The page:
3 Things To Watch In Oil Markets

  • Commodities Analysis
  • Editor's Pick

As we hit the slow days of summer, here are three important issues that should be on every oil trader’s radar.

1. Yesterday’s OPEC+ Meeting

The OPEC+ group met virtually on Wednesday and, as I predicted last week, agreed to a very minor increase in production quotas for September--just 100,000 bpd. This will bring the total production limit for OPEC+ in September to 43.955 million bpd. However, it is unlikely that the market will see this amount of oil, because many producers cannot increase production. This increase is so negligible when compared with the total global oil supply of around 100 million bpd, that it is essentially nothing. This all seems to show how little respect Saudi Arabia has for the Biden administration, especially when considered in the context of President Biden’s visit and the administration’s subsequent announcement that the market would soon see “more steps” coming from Middle Eastern producers.

OPEC+ is essentially treading water, waiting to see whether a global recession bites into demand and sends oil prices tumbling, or whether western nations will implement their own sanctions on Russian oil. It is unlikely that OPEC+ will try to put together a new longer-term production deal until they have a better idea of how these factors will impact the market.

2. Nancy Pelosi’s Visit to Taiwan

The Speaker of the U.S. House of Representatives, Nancy Pelosi, visited Taiwan. She is the third most powerful person in the U.S. government. This visit is raising questions about how increased tensions between China and Taiwan would impact oil prices and the prices of other goods. An escalation of tensions between the region’s biggest power and the small nation would increase global oil prices.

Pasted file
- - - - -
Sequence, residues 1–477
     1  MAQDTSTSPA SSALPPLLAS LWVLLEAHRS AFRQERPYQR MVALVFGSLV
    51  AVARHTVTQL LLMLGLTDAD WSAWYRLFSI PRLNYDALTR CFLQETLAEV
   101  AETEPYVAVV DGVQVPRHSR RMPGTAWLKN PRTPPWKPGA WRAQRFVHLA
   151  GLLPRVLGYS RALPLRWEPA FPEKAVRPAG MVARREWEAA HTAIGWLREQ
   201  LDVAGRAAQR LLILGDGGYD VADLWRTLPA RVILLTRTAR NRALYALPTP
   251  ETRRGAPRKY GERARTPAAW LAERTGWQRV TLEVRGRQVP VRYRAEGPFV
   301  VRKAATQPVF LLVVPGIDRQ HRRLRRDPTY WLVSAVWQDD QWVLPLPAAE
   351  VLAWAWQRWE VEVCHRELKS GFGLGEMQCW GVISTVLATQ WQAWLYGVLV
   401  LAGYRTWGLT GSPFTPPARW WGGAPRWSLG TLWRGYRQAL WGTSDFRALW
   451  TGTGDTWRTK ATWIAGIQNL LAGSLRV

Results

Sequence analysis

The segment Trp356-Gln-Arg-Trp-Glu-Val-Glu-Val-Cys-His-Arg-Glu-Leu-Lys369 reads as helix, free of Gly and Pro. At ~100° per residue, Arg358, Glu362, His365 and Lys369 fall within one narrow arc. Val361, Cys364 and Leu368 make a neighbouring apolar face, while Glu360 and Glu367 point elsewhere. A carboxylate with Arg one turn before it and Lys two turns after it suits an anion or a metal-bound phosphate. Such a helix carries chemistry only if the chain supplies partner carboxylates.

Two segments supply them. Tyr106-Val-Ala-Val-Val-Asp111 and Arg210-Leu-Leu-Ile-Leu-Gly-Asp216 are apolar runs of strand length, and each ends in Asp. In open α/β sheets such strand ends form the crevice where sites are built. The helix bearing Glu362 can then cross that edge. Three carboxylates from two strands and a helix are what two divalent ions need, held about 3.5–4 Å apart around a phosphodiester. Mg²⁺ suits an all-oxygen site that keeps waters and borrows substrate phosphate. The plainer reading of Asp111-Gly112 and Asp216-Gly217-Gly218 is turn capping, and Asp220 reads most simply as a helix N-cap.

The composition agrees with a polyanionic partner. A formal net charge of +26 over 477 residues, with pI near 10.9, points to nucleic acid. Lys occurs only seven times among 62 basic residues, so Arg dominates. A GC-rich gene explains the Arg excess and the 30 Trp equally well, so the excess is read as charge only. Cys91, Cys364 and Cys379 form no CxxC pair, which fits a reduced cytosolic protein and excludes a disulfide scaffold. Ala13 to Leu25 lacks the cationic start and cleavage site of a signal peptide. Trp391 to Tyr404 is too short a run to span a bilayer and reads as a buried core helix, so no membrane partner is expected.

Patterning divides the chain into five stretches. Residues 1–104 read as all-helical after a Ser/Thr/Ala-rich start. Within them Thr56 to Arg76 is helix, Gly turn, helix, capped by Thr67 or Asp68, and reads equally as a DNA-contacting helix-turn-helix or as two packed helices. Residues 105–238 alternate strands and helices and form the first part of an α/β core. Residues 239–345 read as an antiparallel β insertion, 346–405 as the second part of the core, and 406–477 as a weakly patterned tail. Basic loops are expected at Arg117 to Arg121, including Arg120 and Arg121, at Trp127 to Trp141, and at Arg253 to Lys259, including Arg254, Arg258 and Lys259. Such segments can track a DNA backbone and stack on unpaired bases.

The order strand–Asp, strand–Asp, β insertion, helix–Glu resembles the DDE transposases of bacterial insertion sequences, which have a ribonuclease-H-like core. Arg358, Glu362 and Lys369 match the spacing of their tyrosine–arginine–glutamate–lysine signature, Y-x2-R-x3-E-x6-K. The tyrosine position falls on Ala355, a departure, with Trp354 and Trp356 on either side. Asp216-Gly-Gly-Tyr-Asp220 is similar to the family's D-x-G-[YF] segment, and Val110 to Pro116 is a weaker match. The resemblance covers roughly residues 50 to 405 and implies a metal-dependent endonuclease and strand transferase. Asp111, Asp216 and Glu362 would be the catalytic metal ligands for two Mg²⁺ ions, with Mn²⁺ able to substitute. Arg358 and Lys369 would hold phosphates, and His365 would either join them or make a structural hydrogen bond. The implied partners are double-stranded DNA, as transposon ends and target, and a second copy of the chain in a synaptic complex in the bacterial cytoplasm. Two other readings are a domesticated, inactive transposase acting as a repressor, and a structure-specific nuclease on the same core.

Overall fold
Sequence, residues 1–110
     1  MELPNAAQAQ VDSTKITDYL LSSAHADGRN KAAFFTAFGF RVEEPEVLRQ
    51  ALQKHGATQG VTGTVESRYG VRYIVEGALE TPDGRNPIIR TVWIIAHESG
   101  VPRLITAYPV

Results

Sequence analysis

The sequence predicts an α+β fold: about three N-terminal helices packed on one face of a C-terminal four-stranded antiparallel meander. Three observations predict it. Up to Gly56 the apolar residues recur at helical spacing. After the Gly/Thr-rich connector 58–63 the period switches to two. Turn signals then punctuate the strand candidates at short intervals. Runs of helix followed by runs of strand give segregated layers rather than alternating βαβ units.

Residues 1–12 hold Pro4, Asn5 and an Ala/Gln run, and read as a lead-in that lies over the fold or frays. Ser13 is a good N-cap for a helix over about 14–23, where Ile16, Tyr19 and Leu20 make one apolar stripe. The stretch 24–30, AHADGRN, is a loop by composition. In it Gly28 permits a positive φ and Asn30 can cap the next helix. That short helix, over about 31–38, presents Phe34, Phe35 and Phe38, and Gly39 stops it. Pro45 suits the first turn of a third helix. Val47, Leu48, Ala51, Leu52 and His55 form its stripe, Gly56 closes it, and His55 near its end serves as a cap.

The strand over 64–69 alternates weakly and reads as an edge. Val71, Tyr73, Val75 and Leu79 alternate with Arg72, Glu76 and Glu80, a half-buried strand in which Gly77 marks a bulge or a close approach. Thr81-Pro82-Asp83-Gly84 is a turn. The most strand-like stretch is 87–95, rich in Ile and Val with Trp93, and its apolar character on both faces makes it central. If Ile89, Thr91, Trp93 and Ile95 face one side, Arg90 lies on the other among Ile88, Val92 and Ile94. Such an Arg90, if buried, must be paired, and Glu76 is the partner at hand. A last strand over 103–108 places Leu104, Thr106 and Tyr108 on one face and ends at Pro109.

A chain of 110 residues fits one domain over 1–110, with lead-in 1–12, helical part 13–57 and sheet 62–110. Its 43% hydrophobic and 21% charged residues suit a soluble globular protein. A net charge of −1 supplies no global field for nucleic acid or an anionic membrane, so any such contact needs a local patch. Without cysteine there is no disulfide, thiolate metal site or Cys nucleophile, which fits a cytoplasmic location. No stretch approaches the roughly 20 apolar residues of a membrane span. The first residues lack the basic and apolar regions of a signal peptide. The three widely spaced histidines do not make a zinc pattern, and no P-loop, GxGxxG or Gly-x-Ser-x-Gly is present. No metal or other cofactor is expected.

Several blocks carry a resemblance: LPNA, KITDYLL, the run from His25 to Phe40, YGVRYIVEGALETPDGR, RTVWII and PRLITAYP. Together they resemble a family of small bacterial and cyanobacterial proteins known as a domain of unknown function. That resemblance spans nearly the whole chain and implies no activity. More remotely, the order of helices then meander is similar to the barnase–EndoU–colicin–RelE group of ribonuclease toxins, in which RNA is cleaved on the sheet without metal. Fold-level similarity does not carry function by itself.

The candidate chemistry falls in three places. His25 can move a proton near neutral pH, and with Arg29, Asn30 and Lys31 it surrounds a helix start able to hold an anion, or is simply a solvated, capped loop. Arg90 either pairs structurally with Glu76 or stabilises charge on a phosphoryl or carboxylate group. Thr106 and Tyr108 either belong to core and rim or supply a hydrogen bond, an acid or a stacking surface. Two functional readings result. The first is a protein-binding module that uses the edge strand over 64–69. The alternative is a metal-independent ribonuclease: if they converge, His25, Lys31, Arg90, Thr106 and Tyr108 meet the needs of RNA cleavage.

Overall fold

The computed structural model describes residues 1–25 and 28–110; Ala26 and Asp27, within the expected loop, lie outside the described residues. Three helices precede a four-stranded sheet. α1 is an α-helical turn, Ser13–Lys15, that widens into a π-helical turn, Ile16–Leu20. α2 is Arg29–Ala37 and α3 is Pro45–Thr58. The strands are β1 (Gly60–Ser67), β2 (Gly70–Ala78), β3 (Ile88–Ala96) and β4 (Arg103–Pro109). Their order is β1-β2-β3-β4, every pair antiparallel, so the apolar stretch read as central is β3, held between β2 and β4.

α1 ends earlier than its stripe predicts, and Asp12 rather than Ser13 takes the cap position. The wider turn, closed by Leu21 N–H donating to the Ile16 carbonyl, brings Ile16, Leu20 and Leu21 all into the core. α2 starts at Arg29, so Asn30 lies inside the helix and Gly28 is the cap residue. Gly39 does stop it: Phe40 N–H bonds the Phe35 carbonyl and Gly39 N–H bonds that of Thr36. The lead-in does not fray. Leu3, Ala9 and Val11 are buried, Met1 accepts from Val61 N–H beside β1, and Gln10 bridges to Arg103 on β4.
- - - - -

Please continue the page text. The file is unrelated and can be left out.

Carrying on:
First, if faced with the possibility of a military conflict, China would likely increase its foreign oil purchases. It is already the world’s largest oil importer.

Second, China could effectively control waterways in the region, including the most heavily trafficked maritime routes. China’s oil (and other products) generally flow through there, but so does the oil of other Asian countries like Korea and Japan. China could exert greater influence over the region during a military or diplomatic conflict. It would not be the first time that a regional military power has taken it upon itself to determine who can and cannot proceed through a waterway during a conflict. That would raise the price of oil.

3. Hurricane Season

This is the first week of August and the start of the height of hurricane season in the Atlantic. So far, Saharan dust and unfavorable atmospheric conditions have dampened the development of hurricanes in the Atlantic Ocean. Powerful hurricanes, especially in the Gulf of Mexico, can impact offshore and onshore oil production, petroleum imports and exports, petroleum refining, and the transportation of petroleum within the U.S. Traders should keep in mind that the U.S. government may be limited at this time in how it can respond to short-term and long-term outages, because it has already released a great deal of oil from the Strategic Petroleum Reserve to try to reduce gasoline prices before the November midterm elections. A powerful hurricane in the wrong place could cause a serious supply shortage in the U.S.

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